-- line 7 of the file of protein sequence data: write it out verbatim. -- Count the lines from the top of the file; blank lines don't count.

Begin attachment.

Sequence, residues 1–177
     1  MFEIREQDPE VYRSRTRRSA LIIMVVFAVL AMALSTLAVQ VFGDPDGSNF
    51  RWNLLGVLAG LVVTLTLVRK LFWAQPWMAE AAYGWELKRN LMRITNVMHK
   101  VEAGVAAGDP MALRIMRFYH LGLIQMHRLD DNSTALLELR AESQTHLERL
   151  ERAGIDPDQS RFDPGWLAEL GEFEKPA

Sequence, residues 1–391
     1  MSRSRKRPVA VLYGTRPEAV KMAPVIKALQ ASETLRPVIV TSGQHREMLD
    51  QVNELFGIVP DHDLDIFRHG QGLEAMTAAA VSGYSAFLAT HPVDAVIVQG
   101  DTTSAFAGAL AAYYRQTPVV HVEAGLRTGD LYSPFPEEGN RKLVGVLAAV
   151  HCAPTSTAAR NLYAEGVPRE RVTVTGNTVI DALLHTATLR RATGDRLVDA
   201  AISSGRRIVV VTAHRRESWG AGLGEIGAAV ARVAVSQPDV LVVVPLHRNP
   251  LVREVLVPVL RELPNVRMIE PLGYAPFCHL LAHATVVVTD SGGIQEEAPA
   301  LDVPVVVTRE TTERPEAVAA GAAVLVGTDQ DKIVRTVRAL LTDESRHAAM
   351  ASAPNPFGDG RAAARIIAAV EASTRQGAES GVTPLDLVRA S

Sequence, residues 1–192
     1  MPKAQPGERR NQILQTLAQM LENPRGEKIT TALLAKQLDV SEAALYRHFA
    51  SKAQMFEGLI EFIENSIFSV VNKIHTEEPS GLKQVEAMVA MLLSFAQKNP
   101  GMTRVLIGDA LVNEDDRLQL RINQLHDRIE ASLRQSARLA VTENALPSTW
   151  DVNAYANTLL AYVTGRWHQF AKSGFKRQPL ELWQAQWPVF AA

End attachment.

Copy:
     1  MSRSRKRPVA VLYGTRPEAV KMAPVIKALQ ASETLRPVIV TSGQHREMLD